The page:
The AIC requests the Task Force’s formal support of the program and engagement, working with the AIC towards a goal of building an institutionalized program with a sustained source of funding.

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CHAIR’S REPORT | FEBRUARY 2015 September 2014 Task Force Requests The AIC put forward two requests for Task Force consideration and action at the September 2014 Steering Committee meeting (9/10/14) and during the Business Meeting (9/11/14). 1) Request for AIC Secretariat Executive Director to serve as 3rd co-chair to the Task Force Steering Committee. 2) Request that the Task Force better define the partnership and role of the Freely Associated States within the USCRTF. As of Tuesday, February 10, 2015, the print date for this report, the AIC had not yet received a formal response to our requests.

Update: AIC Strategic Plan The AIC Strategic Plan and internal Action Plan have been drafted. These documents have been reviewed by POCs and shared with partners, the NOAA Coral Reef Conservation Program and DOI Coral Reef Initiative Program. A big thank you to Karen Koltes, Jennifer Koss, and Jennifer Moore who took the time to provide very thoughtful and helpful edits, comments, and suggestions for improvement and clarification of our plan. POCs, with the guidance of the Secretariat, continue to work on the Strategic Plan and have decided to push back the roll-out date to the Fall 2015 U.S. Coral Reef Task Force, allowing more time to spend on thoroughly addressing partner feedback and improving the overall plan. The draft internal Action Plan will be worked on concurrently.

Update: New AIC News & Updates E-newsletter The AIC has a new email newsletter to help keep partners updated on what we have going on. The newsletter, sent out every two weeks, also includes coral-related grant information, upcoming events and opportunities, media hits, resources, new publications, and the newly posted resources from NOAA CoRIS. If you're interested, you can sign-up to receive them at http://allislandscommittee.org/whatwedo/news-updates/.

Updates from AIC Jurisdictions American Samoa   

Interagency Cooperation continues to support Eradication of Crown of Thorns Starfish, which are still present in outbreak numbers. The Corrective Action Plan for the Faga’alu Quarry is complete. Monitoring is ongoing to determine effectiveness. A Coral ID Training was held to improve capacity of local staff and community members. Measurable improvements were seen in all participants. 4|P a g e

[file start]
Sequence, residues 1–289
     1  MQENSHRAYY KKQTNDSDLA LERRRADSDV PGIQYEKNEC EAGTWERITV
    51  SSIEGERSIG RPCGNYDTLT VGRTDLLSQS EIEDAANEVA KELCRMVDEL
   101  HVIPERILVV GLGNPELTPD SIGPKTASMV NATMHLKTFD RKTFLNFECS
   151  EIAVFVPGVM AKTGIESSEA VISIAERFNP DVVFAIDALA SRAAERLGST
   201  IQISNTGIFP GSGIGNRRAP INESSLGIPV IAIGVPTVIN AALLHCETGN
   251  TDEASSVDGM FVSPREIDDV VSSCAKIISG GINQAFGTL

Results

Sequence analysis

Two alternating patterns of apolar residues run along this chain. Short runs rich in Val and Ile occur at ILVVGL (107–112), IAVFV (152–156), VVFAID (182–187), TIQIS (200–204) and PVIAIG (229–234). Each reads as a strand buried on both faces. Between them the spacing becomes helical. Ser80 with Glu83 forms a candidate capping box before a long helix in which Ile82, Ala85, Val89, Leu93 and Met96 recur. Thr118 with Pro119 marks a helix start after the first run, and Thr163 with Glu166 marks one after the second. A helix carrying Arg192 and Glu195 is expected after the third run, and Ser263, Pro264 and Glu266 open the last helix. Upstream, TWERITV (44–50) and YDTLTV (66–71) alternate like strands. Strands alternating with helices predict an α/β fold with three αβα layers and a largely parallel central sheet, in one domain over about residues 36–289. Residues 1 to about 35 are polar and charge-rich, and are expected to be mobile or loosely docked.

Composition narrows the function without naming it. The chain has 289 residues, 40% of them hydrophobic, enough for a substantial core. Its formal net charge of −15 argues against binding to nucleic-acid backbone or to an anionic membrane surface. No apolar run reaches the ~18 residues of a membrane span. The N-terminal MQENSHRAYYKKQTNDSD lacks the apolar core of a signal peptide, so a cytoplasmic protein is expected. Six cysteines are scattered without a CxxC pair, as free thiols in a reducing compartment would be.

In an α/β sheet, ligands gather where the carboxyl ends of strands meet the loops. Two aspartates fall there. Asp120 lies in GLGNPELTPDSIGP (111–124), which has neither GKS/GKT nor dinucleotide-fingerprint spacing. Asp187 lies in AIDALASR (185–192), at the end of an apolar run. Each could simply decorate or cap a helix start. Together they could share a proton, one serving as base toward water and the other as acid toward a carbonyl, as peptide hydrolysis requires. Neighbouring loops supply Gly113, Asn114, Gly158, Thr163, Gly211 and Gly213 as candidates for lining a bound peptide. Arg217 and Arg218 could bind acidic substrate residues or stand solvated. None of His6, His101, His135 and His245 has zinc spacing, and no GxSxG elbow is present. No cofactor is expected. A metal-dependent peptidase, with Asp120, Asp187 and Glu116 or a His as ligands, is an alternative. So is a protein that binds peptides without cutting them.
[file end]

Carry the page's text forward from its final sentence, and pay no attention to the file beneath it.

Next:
U.S. All Islands Coral Reef Committee

CHAIR’S REPORT | FEBRUARY 2015 Commonwealth of the Northern Mariana Islands

 2014 expansion of the 2012 Saipan Reef Resilience Study, with improved approach and methodology, to include the islands of Rota, Tinian and Aguijan with funding from NOAA CRCP and USGS.  2014 work broadened understanding of relative reef resilience (coral diversity, bleaching resistance, disease, temperature variability, macroalgae cover, herbivore biomass, sediment and nutrient inputs, and fishing pressure) to include over 80 sites between the four islands. Saipan Reef Resilience Study final report will be available early in the spring of 2015.

Florida   

Our Florida Reefs Working Groups drafted ~200 Recommended Management Actions. The Southeast Florida Coral Reef Initiative will review to provide agency, industry, and technical feedback. Environmental advocate Philippe Cousteau Jr. recorded a public service announcement promoting Florida's coral reefs and the Our Florida Reefs community planning process. Severe bleaching across Florida Reef Tract. Roughly 1/3 of all surveyed corals, and 100% of Pillar corals bleached; mortality presumed high for most species, except Pillar corals.

Guam 

Started 9 years ago, Guardian of the Reef continues annually training high school students to promote protection of coral reef ecosystems to elementary students. Coral Reef baseline data continues at 58 sampling stations at Tumon Bay, East Agana Bay, Piti Bay, Achang Reef Marine Preserve, and Cocos Barrier Reef. Humatak Community Foundation recruits youths for Coral Reef Ambassadors to coordinate heritage activities like ridge exploration, coral monitoring, and tree planting.

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CHAIR’S REPORT | FEBRUARY 2015 Hawai‘i  Hawaii experienced its most severe coral bleaching event on record for the Main Hawaiian Islands. SST reached 86°F. DAR is monitoring recovery.  Bag and size limits were enacted for parrotfish and goatfish due to important ecosystem services and desirability of these fish.  The Hā'ena Community-Based Subsistence Fishing Area on the island of Kaua'i was approved by the BLNR to protect native Hawaiian subsistence fishing practices

Puerto Rico   

An External Evaluation of the DNER Corps of Rangers was performed, as recommended by the Puerto Rico Jurisdictional Capacity Assessment Report. A Watershed Management Plan for the Fajardo River, East Puerto Rico was prepared. A Memorandum of Understanding was signed among administrators of coral farms in Puerto Rico and DNER in order to strengthen communication and collaboration.

U.S. Virgin Islands